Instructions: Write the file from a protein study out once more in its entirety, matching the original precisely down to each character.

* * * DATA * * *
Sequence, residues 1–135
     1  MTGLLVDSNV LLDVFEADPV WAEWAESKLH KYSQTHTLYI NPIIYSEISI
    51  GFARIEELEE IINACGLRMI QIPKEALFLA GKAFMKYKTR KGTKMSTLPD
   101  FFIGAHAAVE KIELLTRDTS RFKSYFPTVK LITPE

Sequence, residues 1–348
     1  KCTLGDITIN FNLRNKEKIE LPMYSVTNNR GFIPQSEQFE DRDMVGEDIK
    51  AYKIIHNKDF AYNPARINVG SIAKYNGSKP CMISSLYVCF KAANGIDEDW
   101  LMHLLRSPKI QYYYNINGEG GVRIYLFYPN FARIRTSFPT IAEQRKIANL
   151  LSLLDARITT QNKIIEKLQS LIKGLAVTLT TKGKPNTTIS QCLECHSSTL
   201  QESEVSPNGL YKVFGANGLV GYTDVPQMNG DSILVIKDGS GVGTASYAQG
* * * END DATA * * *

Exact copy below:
Sequence, residues 1–135
     1  MTGLLVDSNV LLDVFEADPV WAEWAESKLH KYSQTHTLYI NPIIYSEISI
    51  GFARIEELEE IINACGLRMI QIPKEALFLA GKAFMKYKTR KGTKMSTLPD
   101  FFIGAHAAVE KIELLTRDTS RFKSYFPTVK LITPE

Sequence, residues 1–348
     1  KCTLGDITIN FNLRNKEKIE LPMYSVTNNR GFIPQSEQFE DRDMVGEDIK
    51  AYKIIHNKDF AYNPARINVG SIAKYNGSKP CMISSLYVCF KAANGIDEDW
   101  LMHLLRSPKI QYYYNINGEG GVRIYLFYPN FARIRTSFPT IAEQRKIANL
   151  LSLLDARITT QNKIIEKLQS LIKGLAVTLT TKGKPNTTIS QCLECHSSTL
   201  QESEVSPNGL YKVFGANGLV GYTDVPQMNG DSILVIKDGS GVGTASYAQG